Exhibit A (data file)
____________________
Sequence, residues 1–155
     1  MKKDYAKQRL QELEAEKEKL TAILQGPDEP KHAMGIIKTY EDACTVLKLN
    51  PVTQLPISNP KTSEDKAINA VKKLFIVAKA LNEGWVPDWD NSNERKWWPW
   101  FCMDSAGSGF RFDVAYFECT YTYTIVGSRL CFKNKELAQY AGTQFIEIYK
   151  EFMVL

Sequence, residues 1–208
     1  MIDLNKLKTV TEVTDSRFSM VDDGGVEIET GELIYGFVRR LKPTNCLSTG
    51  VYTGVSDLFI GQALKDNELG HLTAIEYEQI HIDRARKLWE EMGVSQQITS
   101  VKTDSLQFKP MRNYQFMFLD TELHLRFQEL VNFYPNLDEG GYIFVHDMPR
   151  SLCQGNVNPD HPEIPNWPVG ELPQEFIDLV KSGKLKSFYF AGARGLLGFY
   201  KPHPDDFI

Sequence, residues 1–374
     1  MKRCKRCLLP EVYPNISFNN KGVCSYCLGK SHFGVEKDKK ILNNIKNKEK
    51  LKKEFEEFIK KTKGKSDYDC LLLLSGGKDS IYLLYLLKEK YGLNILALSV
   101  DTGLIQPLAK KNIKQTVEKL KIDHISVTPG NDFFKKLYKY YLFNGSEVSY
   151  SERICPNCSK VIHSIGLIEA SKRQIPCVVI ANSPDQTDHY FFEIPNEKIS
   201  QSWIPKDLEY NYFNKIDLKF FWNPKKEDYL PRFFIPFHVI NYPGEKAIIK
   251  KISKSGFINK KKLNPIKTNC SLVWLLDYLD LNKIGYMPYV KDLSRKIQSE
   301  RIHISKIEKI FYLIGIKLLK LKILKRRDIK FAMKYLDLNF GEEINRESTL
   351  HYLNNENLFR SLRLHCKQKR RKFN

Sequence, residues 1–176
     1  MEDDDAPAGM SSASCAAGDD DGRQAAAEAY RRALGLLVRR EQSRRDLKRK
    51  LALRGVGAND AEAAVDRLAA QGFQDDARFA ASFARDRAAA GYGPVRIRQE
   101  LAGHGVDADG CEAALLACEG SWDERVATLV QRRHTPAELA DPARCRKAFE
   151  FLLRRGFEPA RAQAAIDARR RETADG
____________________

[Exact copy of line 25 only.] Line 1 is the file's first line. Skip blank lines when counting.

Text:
   151  FLLRRGFEPA RAQAAIDARR RETADG